An unplanned career break like this can be very hard financially for a self-employed barrister. Luckily, I had income protection insurance, which gave me enough to live on while I was off sick. I would highly recommend all self-employed barristers to take out similar insurance, particularly if they can’t rely on someone else for income. I also entered into an arrangement with my chambers to reduce the burden of my chambers rent.

I used the time off to consider my priorities, and think about how I wanted my practice to develop on my return. Getting cancer makes you realise that nothing is more important than your health, and I promised myself that I would not work as hard as I had done previously or get so stressed about my cases (a promise I haven’t always managed to keep). I developed a business plan which I discussed with my clerks before returning to practice. In my business plan, I set out my goals for my practice over the next five years (which included achieving a better work/life balance with a focus on interesting public and regulatory work from a more varied client base). I also set out my ideal practice profile by area of law and client type, my ideal earnings, and key new clients and areas of work to target. My clerks were very receptive to the plan, and helped me to implement it.

I was worried at first that I would have no practice left to come back to. But I found that all my previous clients came back. Those clients who knew what had happened to me were incredibly supportive. As most of my clients are government departments and regulatory bodies, it’s also possible some of them may not have noticed I had been away. I also gained new clients and a variety of new and interesting cases. I rapidly found myself working full time again, and although my brain felt a little rusty for a few months, it soon felt as though I had never been away. But this time around, I’m looking after myself better and enjoying my cases more. Ironically, work (and life generally) is better now than before I got sick. And looking back, I’ve achieved all of the goals I set for myself in my business plan.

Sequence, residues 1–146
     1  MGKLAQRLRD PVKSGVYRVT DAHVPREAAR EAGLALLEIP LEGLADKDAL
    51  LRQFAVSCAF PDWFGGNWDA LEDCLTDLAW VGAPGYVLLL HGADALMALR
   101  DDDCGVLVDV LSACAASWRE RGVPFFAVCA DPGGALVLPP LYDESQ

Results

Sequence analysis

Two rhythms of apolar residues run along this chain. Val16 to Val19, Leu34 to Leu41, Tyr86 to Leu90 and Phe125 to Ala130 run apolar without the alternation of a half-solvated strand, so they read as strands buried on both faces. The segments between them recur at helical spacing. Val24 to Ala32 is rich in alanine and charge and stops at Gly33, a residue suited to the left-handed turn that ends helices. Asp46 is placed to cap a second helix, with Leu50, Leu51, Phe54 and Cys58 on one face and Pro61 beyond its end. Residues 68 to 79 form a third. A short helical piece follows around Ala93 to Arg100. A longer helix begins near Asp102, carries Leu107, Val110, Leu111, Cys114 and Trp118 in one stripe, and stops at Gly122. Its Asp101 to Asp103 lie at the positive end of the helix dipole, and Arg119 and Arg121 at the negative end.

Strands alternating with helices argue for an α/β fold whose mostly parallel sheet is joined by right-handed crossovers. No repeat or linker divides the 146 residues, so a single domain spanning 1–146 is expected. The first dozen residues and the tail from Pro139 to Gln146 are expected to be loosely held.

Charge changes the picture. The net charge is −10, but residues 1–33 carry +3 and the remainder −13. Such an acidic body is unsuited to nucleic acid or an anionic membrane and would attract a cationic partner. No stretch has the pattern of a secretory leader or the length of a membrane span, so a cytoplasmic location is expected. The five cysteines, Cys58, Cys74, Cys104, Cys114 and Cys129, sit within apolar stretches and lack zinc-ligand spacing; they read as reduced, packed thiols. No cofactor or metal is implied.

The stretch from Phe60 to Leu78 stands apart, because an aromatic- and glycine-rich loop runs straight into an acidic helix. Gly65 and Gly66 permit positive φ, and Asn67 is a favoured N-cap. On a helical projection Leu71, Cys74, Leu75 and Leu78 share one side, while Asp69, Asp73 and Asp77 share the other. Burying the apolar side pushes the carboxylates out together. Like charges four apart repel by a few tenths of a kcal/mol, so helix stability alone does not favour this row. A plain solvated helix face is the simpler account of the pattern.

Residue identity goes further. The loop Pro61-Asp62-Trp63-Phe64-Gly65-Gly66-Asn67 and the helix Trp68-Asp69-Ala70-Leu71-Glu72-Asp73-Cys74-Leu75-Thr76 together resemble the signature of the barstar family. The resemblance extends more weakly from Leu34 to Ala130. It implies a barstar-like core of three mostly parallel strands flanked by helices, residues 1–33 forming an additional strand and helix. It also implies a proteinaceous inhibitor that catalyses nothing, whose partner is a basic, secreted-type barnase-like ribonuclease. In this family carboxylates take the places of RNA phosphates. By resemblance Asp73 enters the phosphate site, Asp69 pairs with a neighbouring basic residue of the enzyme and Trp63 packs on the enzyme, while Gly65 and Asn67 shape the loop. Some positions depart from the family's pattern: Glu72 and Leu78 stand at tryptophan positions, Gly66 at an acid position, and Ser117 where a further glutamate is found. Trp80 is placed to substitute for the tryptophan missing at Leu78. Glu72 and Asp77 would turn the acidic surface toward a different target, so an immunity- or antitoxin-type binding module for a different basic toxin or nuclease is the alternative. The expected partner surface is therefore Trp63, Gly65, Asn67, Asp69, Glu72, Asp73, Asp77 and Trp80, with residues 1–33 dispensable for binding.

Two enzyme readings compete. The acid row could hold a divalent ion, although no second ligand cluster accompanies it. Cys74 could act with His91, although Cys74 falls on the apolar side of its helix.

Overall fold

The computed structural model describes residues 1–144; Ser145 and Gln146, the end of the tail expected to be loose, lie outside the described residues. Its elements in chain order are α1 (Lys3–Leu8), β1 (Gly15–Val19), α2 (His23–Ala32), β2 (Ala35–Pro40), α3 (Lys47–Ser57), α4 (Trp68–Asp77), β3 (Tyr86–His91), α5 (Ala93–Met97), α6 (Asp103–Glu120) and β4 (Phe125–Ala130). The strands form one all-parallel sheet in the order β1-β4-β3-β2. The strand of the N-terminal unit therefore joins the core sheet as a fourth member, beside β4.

Ben Ray, Legal - Deputy Director, Responsible Business Practices and Better Regulation, Government Legal Department

I took two and a half months of parental leave immediately following the birth of my son, James, and would warmly recommend it to other soon-to-be fathers.

I was fortunate that the parental leave package offered by the Government Legal Department made the financial balancing act much more straightforward than it would have been if my employer had only paid parental leave at the statutory rate. It also made a big difference working for a boss who I knew wouldn’t react to my application with horror and in an organisation where I was confident it wouldn’t be secretly held against me. Indeed, the biggest challenge when deciding whether to apply was overcoming my phobia of filling in forms. Having missed a holiday following three incorrect passport applications, it was no little relief to see my pay actually appear in my account when on parental leave.

That said, taking time out did throw up some tricky professional decisions. Just after applying for parental leave, a promotion I really wanted in another government department was advertised, but with a start date coinciding with the beginning of my leave period. My instinctive reaction was not to apply. But I decided it was a mistake to select myself out. I then wrestled with whether to mention my leave when sending in the application form. On reflection, I’m glad that I was up-front from the outset (not least because the government department to which I was applying was responsible for the introduction of shared parental leave). I think my prospective employers respected me for being transparent and it avoided an awkward situation when, happily, I was offered the job.

As to the logistics, the trickiest part was deciding when to schedule my leave. As the scheme was still very new, there weren’t any other fathers to turn to for advice about it. But eventually, my wife and I decided that I should take the two and a half months immediately after the baby’s birth so that we could both be around to support one another during the initial mayhem.

As I’m sure any new parent will tell you, those first few months do present a steep learning curve. In contrast to the rosy-hued vision I had of our new family life, my wife and I sometimes felt like two shift-workers – with each grumbling about the work of the shift before. But I have such powerful memories of those first weeks in my son’s life. Time passes very quickly, and it was a wonderful period for our new family. I’m certain I won’t ever regret taking two and half months out of what is, after all, a long career.